Eircom, Ireland's biggest internet service provider (ISP), has agreed to disconnect users that record companies identify as copyright infringers. The agreement was reached eight days into an Irish High Court trial.
The former state monopoly ISP, which is now privately owned, has agreed to give two warnings to subscribers before cutting them off.
Record industry group the International Federation of the Phonographic Industries (IFPI) said that it would be taking action against other ISPs to ensure they did the same.
"The record companies will supply Eircom with the IP addresses of all persons who they detect illegally uploading or downloading copyrighted works on a P2P [peer to peer] basis," said a statement from the IFPI.
"Eircom has agreed that it will from now on implement a graduated process," it said. "The record companies have agreed that they will take all necessary steps to put similar agreements in place with all other ISPs in Ireland."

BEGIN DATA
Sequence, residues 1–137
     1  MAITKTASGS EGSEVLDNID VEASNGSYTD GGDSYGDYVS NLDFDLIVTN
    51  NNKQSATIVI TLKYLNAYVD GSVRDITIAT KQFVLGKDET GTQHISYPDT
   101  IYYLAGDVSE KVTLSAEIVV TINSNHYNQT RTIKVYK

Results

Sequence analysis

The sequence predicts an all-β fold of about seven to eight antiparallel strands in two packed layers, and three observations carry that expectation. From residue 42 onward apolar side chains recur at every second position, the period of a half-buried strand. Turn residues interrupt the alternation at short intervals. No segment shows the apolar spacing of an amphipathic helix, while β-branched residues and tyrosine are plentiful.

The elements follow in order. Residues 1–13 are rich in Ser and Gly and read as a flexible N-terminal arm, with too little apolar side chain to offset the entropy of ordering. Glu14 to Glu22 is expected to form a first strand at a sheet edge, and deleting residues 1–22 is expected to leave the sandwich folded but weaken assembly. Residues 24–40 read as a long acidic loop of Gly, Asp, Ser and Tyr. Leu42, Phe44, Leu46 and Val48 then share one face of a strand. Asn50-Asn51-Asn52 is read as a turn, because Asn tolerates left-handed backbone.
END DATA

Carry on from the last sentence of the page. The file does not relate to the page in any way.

The case involved the four major labels EMI, Universal, Warner and Sony.
Eircom said that when it received the labels' list of people they suspected of engaging in illegal file-sharing, it would tell its customers that infringement had been detected.
If the activity continues Eircom will warn the subscriber that they will be cut off if there is no change in behaviour. If the file sharing continues the customer will be disconnected.
EMI Ireland managing director Willie Kavanagh is also the head of the Irish Recorded Music Association (IRMA), which is affiliated to the IFPI.
"[This is] something we've had to work together to make sure this got to a stage where we can deal with what is an enormous difficulty within the Irish and worldwide record business," he told broadcaster RTE.
The 'three strikes and you're out' policy is a popular one with rights holders, who are lobbying Governments across Europe to force ISPs to implement it.
The UK Government stopped short of including such a demand in its Digital Britain report last month. It said that it plans to force ISPs to pass details of subscriber activity to rights holders but did not demand that they disconnect users.